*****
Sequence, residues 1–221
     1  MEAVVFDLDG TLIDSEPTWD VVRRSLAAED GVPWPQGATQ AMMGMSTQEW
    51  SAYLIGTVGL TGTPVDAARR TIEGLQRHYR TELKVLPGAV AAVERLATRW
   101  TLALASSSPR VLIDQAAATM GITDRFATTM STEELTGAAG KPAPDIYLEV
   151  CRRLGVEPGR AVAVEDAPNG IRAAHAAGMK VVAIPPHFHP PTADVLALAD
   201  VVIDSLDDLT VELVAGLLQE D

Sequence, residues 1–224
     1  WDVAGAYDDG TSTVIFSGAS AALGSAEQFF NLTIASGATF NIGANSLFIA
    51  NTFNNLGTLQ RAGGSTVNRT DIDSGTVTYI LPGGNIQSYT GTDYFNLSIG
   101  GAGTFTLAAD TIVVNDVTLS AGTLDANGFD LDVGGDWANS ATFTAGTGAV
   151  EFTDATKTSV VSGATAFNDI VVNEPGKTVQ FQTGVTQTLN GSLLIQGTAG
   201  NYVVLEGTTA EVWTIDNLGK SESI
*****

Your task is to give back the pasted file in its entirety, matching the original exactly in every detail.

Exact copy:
Sequence, residues 1–221
     1  MEAVVFDLDG TLIDSEPTWD VVRRSLAAED GVPWPQGATQ AMMGMSTQEW
    51  SAYLIGTVGL TGTPVDAARR TIEGLQRHYR TELKVLPGAV AAVERLATRW
   101  TLALASSSPR VLIDQAAATM GITDRFATTM STEELTGAAG KPAPDIYLEV
   151  CRRLGVEPGR AVAVEDAPNG IRAAHAAGMK VVAIPPHFHP PTADVLALAD
   201  VVIDSLDDLT VELVAGLLQE D

Sequence, residues 1–224
     1  WDVAGAYDDG TSTVIFSGAS AALGSAEQFF NLTIASGATF NIGANSLFIA
    51  NTFNNLGTLQ RAGGSTVNRT DIDSGTVTYI LPGGNIQSYT GTDYFNLSIG
   101  GAGTFTLAAD TIVVNDVTLS AGTLDANGFD LDVGGDWANS ATFTAGTGAV
   151  EFTDATKTSV VSGATAFNDI VVNEPGKTVQ FQTGVTQTLN GSLLIQGTAG
   201  NYVVLEGTTA EVWTIDNLGK SESI